1. A person gave an empty piece of land to another person telling him: “You cultivate this land. Whatever you harvest will be divided between us according to a certain percentage.” This is known as muzâra’ah and is permissible.
2. A person cultivated a piece of land and said to another person: “You irrigate this land, tend to it and do whatever else is necessary. Whatever fruit is produced, irrespective of whether it is up to one-two years or 10-12 years, we will share it between ourselves either equally (i.e. 50% each) or by dividing it in thirds (or whatever the percentage may be).” This is known as musâqât and is also permissible.
3. In muzâra’ah, the following conditions apply:
(a) the land must be cultivable.
(b) the landlord and the cultivator must be mature and in their senses.
(c) the period of cultivation must be specified.
(d) the ownership of the seeds must be specified – whether they will belong to the landlord or the cultivator.
(e) the crop must be specified – whether it will be wheat, barley or whatever else.
(f) the share of the cultivator must be specified, i.e. what percentage or how much will he receive from the total harvest.
(g) the land must be vacated and given to the cultivator.
(h) the landlord and the cultivator must remain partners in the harvest.
(i) the land and the seeds must be from one person while the ox, ploughing tools and labour must be from the other person. Alternatively, the land must be from one person and the rest of the things from the other person.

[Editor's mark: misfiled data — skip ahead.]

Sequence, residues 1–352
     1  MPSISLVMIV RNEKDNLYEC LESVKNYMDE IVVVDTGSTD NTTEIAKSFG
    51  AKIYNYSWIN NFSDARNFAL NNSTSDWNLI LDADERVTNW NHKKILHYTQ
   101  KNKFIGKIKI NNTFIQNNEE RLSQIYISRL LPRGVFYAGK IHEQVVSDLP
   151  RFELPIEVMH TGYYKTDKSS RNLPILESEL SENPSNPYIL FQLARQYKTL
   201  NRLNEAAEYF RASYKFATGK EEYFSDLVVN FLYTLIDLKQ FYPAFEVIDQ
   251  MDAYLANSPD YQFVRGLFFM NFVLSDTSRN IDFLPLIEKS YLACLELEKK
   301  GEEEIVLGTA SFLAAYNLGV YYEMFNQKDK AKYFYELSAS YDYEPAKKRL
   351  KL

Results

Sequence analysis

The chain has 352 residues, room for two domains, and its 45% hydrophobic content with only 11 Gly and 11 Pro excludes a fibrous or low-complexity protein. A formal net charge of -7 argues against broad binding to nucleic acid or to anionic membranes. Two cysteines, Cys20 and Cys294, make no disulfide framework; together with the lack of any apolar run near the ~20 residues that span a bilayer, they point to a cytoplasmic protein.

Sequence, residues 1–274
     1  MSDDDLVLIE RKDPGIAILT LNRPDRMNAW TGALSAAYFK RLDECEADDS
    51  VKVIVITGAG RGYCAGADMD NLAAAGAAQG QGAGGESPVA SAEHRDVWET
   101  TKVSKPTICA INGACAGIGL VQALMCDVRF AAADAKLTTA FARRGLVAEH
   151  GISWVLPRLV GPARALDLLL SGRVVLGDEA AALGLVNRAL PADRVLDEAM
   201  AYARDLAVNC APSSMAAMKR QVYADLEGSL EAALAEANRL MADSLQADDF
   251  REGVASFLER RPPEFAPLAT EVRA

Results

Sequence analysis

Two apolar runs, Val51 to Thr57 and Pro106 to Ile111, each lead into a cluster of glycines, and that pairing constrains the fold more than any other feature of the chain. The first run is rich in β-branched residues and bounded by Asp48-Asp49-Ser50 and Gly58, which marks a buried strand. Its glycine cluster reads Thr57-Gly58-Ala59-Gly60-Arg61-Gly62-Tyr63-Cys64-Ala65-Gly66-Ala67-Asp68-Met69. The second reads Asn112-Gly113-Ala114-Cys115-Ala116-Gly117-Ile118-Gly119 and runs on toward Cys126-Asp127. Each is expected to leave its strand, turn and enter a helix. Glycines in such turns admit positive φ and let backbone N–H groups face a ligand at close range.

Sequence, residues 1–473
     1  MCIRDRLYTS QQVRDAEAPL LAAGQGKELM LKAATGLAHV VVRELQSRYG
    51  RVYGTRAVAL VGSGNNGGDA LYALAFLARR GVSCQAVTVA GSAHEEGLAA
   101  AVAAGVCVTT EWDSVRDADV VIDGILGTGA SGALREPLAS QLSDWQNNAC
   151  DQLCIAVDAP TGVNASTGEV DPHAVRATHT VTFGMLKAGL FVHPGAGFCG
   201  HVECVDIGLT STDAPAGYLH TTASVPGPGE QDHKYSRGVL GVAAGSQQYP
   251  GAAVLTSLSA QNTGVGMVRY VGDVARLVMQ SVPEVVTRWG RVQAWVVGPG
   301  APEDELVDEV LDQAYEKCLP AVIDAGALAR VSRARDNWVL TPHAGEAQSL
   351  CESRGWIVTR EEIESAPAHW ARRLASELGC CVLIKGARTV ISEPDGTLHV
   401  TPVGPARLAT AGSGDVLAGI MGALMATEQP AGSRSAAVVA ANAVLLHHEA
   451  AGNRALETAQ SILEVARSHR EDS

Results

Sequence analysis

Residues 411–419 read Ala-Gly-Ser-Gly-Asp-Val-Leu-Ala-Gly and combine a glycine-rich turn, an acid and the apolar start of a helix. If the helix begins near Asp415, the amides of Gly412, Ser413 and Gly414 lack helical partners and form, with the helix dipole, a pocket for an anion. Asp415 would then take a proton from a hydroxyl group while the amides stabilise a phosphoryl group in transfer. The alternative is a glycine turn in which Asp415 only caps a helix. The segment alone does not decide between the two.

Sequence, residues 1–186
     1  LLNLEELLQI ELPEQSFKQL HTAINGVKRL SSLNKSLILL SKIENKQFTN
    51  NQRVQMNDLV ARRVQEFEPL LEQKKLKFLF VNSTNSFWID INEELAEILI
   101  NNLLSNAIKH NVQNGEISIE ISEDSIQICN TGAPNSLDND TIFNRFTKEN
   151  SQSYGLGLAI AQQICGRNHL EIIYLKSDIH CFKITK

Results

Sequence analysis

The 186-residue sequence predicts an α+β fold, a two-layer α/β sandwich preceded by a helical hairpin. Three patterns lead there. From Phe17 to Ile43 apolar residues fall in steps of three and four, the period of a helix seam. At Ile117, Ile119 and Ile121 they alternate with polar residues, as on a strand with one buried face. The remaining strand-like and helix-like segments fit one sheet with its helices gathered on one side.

4. If any one of these conditions are not found, the muzâra’ah will be fâsid.
5. When a muzâra’ah becomes fâsid, all the produce will go to the person who gave the seeds. If the other person is the landlord (i.e. if he did not give the seeds), he will receive a rental for his land, the rate of which will be according to the market value at that time. If the other person is the cultivator (i.e. if he did not give the seeds), he will receive a payment for his labour, the rate of which will be according to what is normally paid at the time.
This rental and this payment for the labour will not be more than what they had agreed upon at the beginning of the contract. For example, if they had agreed that they will share it out equally (i.e. 50% each), either of them will not receive more than half of the total produce.
6. Once the muzâra’ah contract has been drawn and thereafter one of them refuses to work, he will be forced to carry out his work. However, the person who gave the seeds will not be forced.
7. If any one of the parties of the contract passes away, the muzâra’ah will become invalid.
8. If the specified time of muzâra’ah expires and the crops have not ripened as yet, the cultivator will be paid for the extra days that he works on the land. He will be paid according to the normal rate at that time.